How many bands are there in Bali now?
Tim: Until recently, there was only one group in Bali. It opened 8 or 9 years ago. But in the last year and a half, 6 more have appeared. Generally, not much is needed to form a group - just at least 2 people meeting and starting to share something with each other, as it usually happens at meetings. But we help each other rent spaces or spread the word about the community to those who might find it helpful.
We chip in for the spaces, each contributing what they can, usually not more than 500 rupees per month. We usually gather in some cafe. In Bali, this isn't a problem; almost any place can provide a hall for an hour.
There is a website called "Transit". It's used not by newcomers but by regular participants. If they need to leave for another country, they open it and find where they can go abroad, they see the current schedule. If there is no suitable group in the chosen country, they choose a local meeting. To not interrupt their meetings.
Victor: It's important to add that regardless of the language, anyone can come to these groups. If there's a problem with alcohol, drugs, or any other substances, it doesn't matter. You can find the schedule and come. Nobody is turned away from such groups. That's the beauty of the community.
Any addict can find themselves in any country, in any city in the world, and they will be accepted. It doesn't matter if you're rich or poor, you'll be fed and provided with accommodation if needed.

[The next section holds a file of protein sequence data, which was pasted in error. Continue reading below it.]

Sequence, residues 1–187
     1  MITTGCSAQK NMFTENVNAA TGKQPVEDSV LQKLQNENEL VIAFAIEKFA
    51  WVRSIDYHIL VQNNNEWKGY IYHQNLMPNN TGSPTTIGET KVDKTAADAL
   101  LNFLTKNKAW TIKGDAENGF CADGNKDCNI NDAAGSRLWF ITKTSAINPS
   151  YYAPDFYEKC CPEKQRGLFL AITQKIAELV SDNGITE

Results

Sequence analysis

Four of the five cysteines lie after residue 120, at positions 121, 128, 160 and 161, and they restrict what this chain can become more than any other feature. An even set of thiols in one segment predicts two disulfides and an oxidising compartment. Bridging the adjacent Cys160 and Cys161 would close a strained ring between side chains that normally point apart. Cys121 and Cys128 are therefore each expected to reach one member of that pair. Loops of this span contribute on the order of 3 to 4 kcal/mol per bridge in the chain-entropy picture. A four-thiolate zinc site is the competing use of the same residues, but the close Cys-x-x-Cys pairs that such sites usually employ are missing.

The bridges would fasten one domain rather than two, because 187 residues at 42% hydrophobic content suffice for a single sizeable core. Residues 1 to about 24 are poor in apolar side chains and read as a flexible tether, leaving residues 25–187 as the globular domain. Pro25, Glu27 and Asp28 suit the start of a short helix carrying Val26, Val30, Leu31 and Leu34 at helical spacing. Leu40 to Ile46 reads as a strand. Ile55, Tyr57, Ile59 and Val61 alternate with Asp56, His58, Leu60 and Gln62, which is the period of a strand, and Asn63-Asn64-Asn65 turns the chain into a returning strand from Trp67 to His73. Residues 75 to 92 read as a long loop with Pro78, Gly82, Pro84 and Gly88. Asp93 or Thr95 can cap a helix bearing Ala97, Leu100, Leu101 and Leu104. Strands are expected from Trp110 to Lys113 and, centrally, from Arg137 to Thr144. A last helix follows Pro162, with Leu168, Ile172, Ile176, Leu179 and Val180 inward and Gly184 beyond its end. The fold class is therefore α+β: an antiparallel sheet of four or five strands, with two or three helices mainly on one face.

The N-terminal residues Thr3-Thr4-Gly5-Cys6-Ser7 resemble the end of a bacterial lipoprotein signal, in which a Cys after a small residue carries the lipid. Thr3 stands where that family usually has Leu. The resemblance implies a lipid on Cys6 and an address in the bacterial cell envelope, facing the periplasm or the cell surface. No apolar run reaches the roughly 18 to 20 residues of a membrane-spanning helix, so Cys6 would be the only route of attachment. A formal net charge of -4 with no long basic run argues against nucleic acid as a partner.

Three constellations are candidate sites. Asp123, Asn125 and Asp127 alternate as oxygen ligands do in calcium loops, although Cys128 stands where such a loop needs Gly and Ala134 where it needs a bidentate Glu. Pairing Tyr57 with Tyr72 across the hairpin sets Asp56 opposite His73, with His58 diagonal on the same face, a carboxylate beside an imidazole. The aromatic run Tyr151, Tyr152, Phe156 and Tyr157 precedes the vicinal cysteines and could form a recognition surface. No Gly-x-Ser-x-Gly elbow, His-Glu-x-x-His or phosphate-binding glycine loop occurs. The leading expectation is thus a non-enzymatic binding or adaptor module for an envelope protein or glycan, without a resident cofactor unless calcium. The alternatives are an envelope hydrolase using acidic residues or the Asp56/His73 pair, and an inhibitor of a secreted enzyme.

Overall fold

Tim: Sometimes we also conduct groups in English when an Australian or someone else drops by. It has happened a few times. There are just a lot of them here in Bali. They come, and we communicate in English without any problems. If someone feels close and can't wait to attend a meeting, but the scheduled one is in a different language, they find another language group. And there they are, they found it, they come, and there are no issues.
The only restriction is if you are in an altered state, if you have used drugs or alcohol, you can stay, no problem, but you cannot speak up.
How intimate are the groups?
Tim: The groups I attend usually have 6-7 people. Sometimes 10. There are groups with 20 and 30 people. They're in Bukit. There's a big concentration there. Mostly guys, not many girls. Maybe about 30% less. And the age range is completely diverse. I'm 48. There are some older than me, but not many. There are many young people. Starting from 16.
Victor: The age range is roughly the same everywhere. But the groups in Bali are still small, even in Bukit.
It's probably difficult to maintain trust in such a large group?
Victor: It's challenging, but we have rules for conducting meetings. They are read out before the start. This includes specific rituals for different groups to express themselves. Despite the fact that we are all addicts with different histories and backgrounds, some are crazy and diverse, everyone sits down and respects and values what happens at the meeting. And it works.
How do meetings in Bali go?
Tim: Usually, we provide personal support for newcomers. If someone writes in the chat, they are immediately told which area we are in, where, and invited to the meeting. Do you want us to meet you? Do you not want us to meet you, just come. It's absolutely voluntary.
To attend, you don't need anything - just come. No money. The main thing is the desire. Many come and realize that it's not for them and then leave. Well, okay, it's normal. Someone comes and then sticks around for a long time.
Victor: We don't keep any statistics like, "a person came, we recorded them, and then we call them." That doesn't happen. The only condition is the desire to stop using. If you want to, we're glad.